Md.'s marijuana laws leave unanswered questions

Doctors, suppliers, police evaluate medical use and decriminalization

  • Diferent varieties and strains of marijauna are available for paients at Harborside Health Center, a large medical marijuana dispansary in Oakland, Calif.
Diferent varieties and strains of marijauna are available… (Luis Sinco, Los Angeles…)
April 14, 2014|By Mark Puente and Michael Dresser, The Baltimore Sun

Now that the state's medical marijuana program has been revived, officials say it will take about 15 months for the first patients to buy the drug legally in Maryland. Shannon Moore hopes her twin sons survive.

Her 3-year-olds, Nicolas and Byron, already have lived longer than expected while battling as many as 30 seizures a day from Miller-Dieker syndrome, a disease that causes brain deformities. Moore hopes a marijuana extract will reduce their seizures.

"The hardest part is feeling hopeless," the Frederick resident said. "If you've done everything you could, it might not be enough."

Despite the General Assembly's actions last week in revamping the stalled medical marijuana program and decriminalizing possession of 10 grams or less of pot, many questions remain unanswered about implementing the laws. Doctors, growers and dispensaries are waiting to learn the details of regulations that will govern the fledgling medical marijuana industry. Police across the state are evaluating the impact of the decriminalization measure on crime-fighting strategies, and the statewide prosecutors organization has called for a veto by Gov. Martin O'Malley.

Experiences in other states show that even after months of legislative debate in Annapolis, Maryland could face unexpected twists. When Colorado started its medical marijuana program, the electric company needed bigger transformers to power the lights at indoor marijuana farms, and growers found that they needed to put locks on trash bins because people were trying to get discarded marijuana stems and buds.

Cheverly Police Chief Harry Robshaw, a member of Maryland's Medical Marijuana Commission, faults lawmakers for not defining some key issues better.

For example, the decriminalization measure does not specify whether police can continue searching a suspect after finding marijuana weighing 10 grams or less. Should they issue a citation on the spot and leave? Or keep looking, in case the suspect has a much bigger supply?

"Nobody has the answer to that," Robshaw said. "That's what worries law enforcement."

From the outset, Maryland's medical marijuana program will have tighter controls than the one California started 18 years ago.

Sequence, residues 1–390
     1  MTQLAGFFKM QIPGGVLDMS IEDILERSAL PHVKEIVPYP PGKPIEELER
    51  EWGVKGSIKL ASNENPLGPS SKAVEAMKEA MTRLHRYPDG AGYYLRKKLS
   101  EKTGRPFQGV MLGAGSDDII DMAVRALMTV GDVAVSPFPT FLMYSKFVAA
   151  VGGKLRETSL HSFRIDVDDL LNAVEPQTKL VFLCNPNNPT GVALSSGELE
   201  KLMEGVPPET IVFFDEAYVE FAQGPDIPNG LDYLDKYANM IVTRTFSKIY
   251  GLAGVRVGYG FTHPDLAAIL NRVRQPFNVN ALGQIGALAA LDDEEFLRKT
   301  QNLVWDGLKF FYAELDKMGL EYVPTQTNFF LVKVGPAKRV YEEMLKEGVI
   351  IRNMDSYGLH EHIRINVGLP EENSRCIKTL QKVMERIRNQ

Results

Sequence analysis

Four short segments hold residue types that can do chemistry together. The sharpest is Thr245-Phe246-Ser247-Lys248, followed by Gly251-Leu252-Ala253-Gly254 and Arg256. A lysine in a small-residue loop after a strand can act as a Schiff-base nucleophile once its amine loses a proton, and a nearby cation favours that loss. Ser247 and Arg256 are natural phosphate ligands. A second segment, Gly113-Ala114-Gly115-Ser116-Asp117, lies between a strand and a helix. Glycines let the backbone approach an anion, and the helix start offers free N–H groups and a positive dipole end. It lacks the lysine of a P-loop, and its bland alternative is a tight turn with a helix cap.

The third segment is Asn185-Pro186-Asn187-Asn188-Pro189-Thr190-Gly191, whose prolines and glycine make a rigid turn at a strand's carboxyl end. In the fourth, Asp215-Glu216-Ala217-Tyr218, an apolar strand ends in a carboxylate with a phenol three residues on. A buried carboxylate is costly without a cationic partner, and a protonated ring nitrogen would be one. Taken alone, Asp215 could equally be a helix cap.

California regulators have no control of the estimated $1 billion industry and don't know how many growers or dispensaries operate. The California Police Chiefs Association and other lobbying groups are pushing for state oversight.

"It's chaotic and out of control," said Chula Vista Police Chief David Bejarano, the association's first vice president. "Anyone can obtain a recommendation for medical marijuana. There is no oversight or protection to the patient."

Dr. Paul Davies, chairman of Maryland's Medical Marijuana Commission, estimates that it will take until the third quarter of 2015 to establish the network needed to put the drug in patients' hands. The panel will develop and propose regulations by September, he said.

"We are actively putting a plan together," he said. "We're already on it."

According to Davies, this is how Maryland will form the network: Once the commission proposes the rules, they will be reviewed at several levels, including by the Maryland Department of Health and Mental Hygiene, the attorney general's office and a legislative oversight committee. After an approval process of about four months, the commission will take applications from physicians and prospective growers and dispensers.

The legislation — which O'Malley has said he will sign into law — calls for no more than 15 growers to be licensed in the first year but gives the commission the discretion to add licenses later. Licenses will be issued after a background check.

"We're hoping there will be strong interest among physicians," Davies said, noting that there is likely to be strong demand for grower's licenses.

The commission was set up as part of last year's medical marijuana legislation, with 11 members drawn from fields such as medicine, pharmacy, law enforcement and substance abuse treatment. The revamped law expands the number to 14.

J. Darrell Carrington, lobbyist for an Anne Arundel County company that is interested in seeking a grower's license, expects significant competition for the permits — and not just from folks with a few acres and an interest in recreational marijuana.

"These are apples and oranges," he said. "We are looking to make medicine for people."

Carrington, who represents CFB Consulting in Pasadena, said that means growers will need secure, sterile, indoor facilities and will have to have extensive testing done by independent laboratories.

In Colorado, it's common for growers to spend nearly $500,000 to enter the business, according to the Marijuana Industry Group, which represents growers and patients in the state. The high costs come from the required seed-to-sale tracking system, video surveillance and irrigation networks, said Mike Elliott, the executive director.

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